Okay, so I gave in – I wrote up my own list of 2009 tv, more as a follow up to last year’s list. This list has also been posted in the comments section of David Bianculli’s “Tv Worth Watching” site. Do check out his best and not-so-best lists; I completely agree with his selected not-so-best (bottom) items: “I’m a Celebrity; Get Me Out of Here” and anything relating to Octomom were probably the bottom of the barrel of 2009 in tv (and, I swear, one should not be considered a “celebrity” if one did nothing worthy – i.e., help society or arts or whatnot – to be a celebrity).
As noted, I haven’t been up on tv stuff. My personal 2009 list is more like someone else’s Honorable Mentions type list, since I’ve been terribly remiss on key 2009 things (Mad Men and Battlestar Galactica), and I’ve become an unapologetic PBS snob who keeps hoping for better from the original broadcast networks for some reason (nostalgia, maybe). But, this is what I’ve basically enjoyed and really thought highly in 2009 (in no particular order):
1. Fringe (FOX) – it ended the 2008-2009 season strong and there were some good moments so far in 2009-2010. I haven’t taken it off my list at all.
2. Community (NBC) – it has some heart and a lot of humor; I really had a huge kick out of the Christmas episode (sorry, I mean, it was not really Christmas, it was a non-denominational Dec. 10 episode – a funny thing in the context of the episode).
3. Modern Family (ABC) – another show of heart and humor.
4. Better off Ted (ABC) – if you think your workplace is a depressing source of dark humor, try Ted’s workplace…
5. Lost (ABC) – what a season earlier this year! I’m getting very excited for its return in 2010.
6. The Sing Off (NBC) – I’ve been entertained by “Glee” (FOX), but felt it was inconsistent (the fake pregnancy plot was a big turnoff for me); but I really enjoyed the great a capella in “The Sing Off” and Ben Folds as a judge who gave good constructive feedback.
7. Nova Science Now (PBS) – Neil deGrasse Tyson makes science accessible.
8. Ken Burns’ “National Parks” documentary (PBS)
9. Masterpiece Mystery! (PBS) – I appreciated it for bringing Kenneth Branagh as Detective Wallendar to the small screen and the return of Inspector Lewis.
10. Last but not least: Craig Ferguson. I really got into watching him this year, and got to love the puppets!
Not-so-good trends of 2009:
1. What I consider to be a decline of “Heroes” (NBC)(it stopped being on my list of things to watch, because I lost patience with the writing and what was done to the characters I had liked).
2. Jay Leno at NBC’s 10pm – he’s trying his best, but I miss seeing dramas at 10pm on NBC.
3. the continued trend of poor quality reality shows (regardless of network, broadcast or cable).
I’m not prepared to do a best/worst of the decade list (I’m in denial that the aughts are really over), but I liked James Poniewozik’s decade lists (posted via his Robo-James, since he’s on vacation):
Poniewozik included “Wonderland” – the short-lived series about Bellevue Hospital’s psychiatric ward – well-acted, yes, but Michelle Forbes as the pregnant psychiatrist stabbed by a mental patient with a hypodermic needle was quite a powerful scene – too powerful and thus left “Wonderland” with a short shelf life. But, it was part of ABC’s attempts to get out of the ratings basement with daring shows (take note, NBC), and was a series where actor Ted Levine played one of the psychiatrists in the middle of a child custody battle – back in his pre-“Monk” days… (that I remember this is a little scary and geeky) but the series was memorable and you can probably imagine how shocked I was that Monk’s Capt. Stottlemeyer was the same actor on “Wonderland” (such a strong cast of actors).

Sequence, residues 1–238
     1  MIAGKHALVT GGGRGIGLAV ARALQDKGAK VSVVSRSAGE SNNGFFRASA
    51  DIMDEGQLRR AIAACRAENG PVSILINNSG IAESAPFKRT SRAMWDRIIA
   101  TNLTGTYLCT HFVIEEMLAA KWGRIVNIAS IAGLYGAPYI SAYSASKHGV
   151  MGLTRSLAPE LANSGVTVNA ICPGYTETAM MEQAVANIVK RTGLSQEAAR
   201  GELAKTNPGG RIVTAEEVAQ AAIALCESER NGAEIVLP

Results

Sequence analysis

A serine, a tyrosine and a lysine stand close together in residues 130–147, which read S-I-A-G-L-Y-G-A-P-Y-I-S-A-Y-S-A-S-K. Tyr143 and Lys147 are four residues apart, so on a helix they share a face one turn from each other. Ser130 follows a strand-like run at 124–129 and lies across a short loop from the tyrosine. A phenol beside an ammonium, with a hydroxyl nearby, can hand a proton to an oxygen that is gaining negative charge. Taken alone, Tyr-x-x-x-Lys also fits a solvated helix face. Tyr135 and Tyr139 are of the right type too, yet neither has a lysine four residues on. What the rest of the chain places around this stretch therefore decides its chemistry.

Poniewozik also included “Karen Sisco” (where Carla Gugino did a pretty nifty job, and yes, another show where ABC took a chance to get it out of the ratings basement), and “Wonderfalls” (which was a weird show, by Brian Fuller, before “Pushing Daisies” (and probably a similar whimsical tone – although, I never did get to watch “Pushing Daisies”).
Speaking of Carla Gugino, I did feel sorry that her other 00 series – “Threshold” – wasn’t given more of a chance with CBS (I mean, what a cast – in addition to Gugino, it had Brent Spiner (ex-Data of Star Trek: The Next Generation), Peter Dinklage, and Charles Dutton! Plus, an X-Files-like alien invasion thing and decent writing and creepy atmospherics).
“Arrested Development” would have been another one of those Brilliant But Cancelled 00 shows in my mind – gone too soon. I’m not so sure about “Veronica Mars” – yeah, sad that it got cancelled, but it sort of had a good run (I’d define Brilliant But Cancelled as a show that went too soon without a shot and a full completion) – UPN took it as long as it did – and then again, UPN was also gone from the earth too, so oh well.
Oh, and “Boomtown” – definitely sad that it was pulled; it removed Neal McDonough and multi-perspective storytelling from the small screen – so unfair (NBC during a cruel moment, as far as I’m concerned; no wonder it became the network that gave us a crappy revival of “Knight Rider,” and “I’m a Celebrity, Get Me Out of Here”).
Oh, and, from WB, “Jack and Bobby” and “Everwood” (which, granted, had four seasons, so that’s pretty decent compared to, say, one season of “Jack and Bobby” and the season and less-than-half of “Boomtown”) — but then even WB is gone from this earth so… okay, maybe I like a lot of Brilliant But Cancelled shows.
Poniewozik also has a list of “What Changed TV in the 00’s” (DVR, cable, reality tv, HDTV, and that thing called the Internet, among other items sure made tv in the 00’s real amazing and horrid at the same time).
Wonder how tv will be redefined in the 2010’s. If the quality can be better, maybe change isn’t so bad. But, then again, I’m wary of change…